• Cutting irrigated hay costs by using soybeans Read More
  • A blessing in disguise Read More
  • At Deana Jak Herefords, a 4-H project became a business Read More
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November 15, 2014


In This Issue

  • Can you afford to own hay equipment?
  • Fitting annual forages into a crop rotation
  • Grazing for soil health
  • What lower-lignin alfalfa means to growers


  • There isn’t a much more sickening feeling than to watch a group of hungry cows start falling over dead after feeding them a fresh bale of hay. Yet, that’s exactly what can happen when hay containing a high concentration of nitrates is fed incorrectly.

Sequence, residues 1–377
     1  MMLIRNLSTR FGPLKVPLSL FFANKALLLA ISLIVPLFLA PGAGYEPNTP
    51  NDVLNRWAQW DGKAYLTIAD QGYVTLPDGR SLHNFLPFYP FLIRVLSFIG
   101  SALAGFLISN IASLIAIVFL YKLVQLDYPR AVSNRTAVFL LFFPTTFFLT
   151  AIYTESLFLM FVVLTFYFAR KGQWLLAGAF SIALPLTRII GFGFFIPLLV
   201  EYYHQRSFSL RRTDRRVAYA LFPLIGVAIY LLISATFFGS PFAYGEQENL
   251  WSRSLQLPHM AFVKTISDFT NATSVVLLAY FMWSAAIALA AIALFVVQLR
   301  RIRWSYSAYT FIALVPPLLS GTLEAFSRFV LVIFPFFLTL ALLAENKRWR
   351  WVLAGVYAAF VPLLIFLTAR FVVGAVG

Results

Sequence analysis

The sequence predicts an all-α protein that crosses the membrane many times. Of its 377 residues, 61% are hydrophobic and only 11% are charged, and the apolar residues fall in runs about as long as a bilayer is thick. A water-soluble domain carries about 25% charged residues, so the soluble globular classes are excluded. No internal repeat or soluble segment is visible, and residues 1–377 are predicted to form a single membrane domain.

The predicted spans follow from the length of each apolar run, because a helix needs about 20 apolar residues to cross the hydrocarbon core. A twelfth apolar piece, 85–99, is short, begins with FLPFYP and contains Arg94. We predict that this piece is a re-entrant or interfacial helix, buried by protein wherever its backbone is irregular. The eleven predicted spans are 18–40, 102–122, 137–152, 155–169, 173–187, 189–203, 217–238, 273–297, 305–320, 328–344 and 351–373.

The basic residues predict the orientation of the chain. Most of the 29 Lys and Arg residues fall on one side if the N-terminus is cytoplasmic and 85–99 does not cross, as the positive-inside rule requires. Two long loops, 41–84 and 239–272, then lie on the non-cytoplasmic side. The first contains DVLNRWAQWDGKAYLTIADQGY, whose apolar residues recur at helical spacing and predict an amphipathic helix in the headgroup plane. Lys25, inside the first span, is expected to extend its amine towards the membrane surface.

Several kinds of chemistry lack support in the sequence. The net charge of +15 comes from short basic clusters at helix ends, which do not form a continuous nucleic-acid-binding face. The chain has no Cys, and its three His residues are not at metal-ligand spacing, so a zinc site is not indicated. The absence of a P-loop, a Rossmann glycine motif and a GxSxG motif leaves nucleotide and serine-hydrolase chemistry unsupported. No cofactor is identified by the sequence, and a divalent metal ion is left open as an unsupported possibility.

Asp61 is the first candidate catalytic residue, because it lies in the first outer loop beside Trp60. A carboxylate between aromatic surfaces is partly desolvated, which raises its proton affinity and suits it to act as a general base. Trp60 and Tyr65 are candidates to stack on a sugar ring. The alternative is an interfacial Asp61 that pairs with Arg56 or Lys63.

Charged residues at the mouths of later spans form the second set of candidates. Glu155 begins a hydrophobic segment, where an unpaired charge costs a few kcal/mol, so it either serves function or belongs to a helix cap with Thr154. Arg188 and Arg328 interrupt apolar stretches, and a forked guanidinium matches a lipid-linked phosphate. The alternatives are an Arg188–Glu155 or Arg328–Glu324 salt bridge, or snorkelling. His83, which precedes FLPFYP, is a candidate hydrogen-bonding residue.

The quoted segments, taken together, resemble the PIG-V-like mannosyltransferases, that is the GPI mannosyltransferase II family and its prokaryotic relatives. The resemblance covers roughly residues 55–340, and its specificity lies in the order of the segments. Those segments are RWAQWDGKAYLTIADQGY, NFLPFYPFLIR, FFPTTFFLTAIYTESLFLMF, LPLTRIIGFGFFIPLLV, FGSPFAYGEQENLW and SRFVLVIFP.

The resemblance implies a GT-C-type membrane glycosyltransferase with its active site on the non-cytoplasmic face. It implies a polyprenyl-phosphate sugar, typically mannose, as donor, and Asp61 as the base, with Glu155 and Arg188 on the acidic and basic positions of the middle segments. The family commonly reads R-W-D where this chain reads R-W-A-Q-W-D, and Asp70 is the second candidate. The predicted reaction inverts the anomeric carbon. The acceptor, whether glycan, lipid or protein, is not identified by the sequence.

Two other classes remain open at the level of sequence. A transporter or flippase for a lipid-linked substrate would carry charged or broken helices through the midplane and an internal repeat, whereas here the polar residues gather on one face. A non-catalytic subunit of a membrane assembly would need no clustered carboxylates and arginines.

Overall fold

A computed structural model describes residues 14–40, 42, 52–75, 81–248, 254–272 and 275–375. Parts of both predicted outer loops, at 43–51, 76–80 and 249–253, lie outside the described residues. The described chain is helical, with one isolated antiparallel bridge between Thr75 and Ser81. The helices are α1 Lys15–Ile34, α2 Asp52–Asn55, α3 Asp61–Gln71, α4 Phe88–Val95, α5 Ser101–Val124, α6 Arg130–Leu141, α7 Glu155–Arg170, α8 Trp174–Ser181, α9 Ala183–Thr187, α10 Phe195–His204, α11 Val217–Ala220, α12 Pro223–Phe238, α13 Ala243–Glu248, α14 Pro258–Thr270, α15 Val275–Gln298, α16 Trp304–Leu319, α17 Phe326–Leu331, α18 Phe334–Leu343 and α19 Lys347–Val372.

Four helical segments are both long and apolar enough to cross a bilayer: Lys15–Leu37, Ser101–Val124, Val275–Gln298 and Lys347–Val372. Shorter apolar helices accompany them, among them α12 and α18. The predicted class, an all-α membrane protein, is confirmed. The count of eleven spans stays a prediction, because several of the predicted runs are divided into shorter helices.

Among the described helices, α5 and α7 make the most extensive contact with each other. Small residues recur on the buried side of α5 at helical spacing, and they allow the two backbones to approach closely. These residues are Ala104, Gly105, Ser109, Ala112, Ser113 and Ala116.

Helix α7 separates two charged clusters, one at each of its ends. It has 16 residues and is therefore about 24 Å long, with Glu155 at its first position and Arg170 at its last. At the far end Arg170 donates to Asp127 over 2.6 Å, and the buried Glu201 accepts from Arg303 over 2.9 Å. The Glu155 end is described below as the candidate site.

Read more
  • Hay is an important part of beef cattle nutrition in most operations. Good-quality hay is high in energy and, depending upon plant composition and amount of fertilization, it can be high in protein. It is used to replace depleted nutrients in standing forages during winter months and periods of prolonged drought.

    Read more
  • Silage makes an excellent feed for ruminant animals. However, feeding silage is much different than feeding hay. Silage, because it is much wetter than hay, is much more susceptible to deterioration.

    Read more
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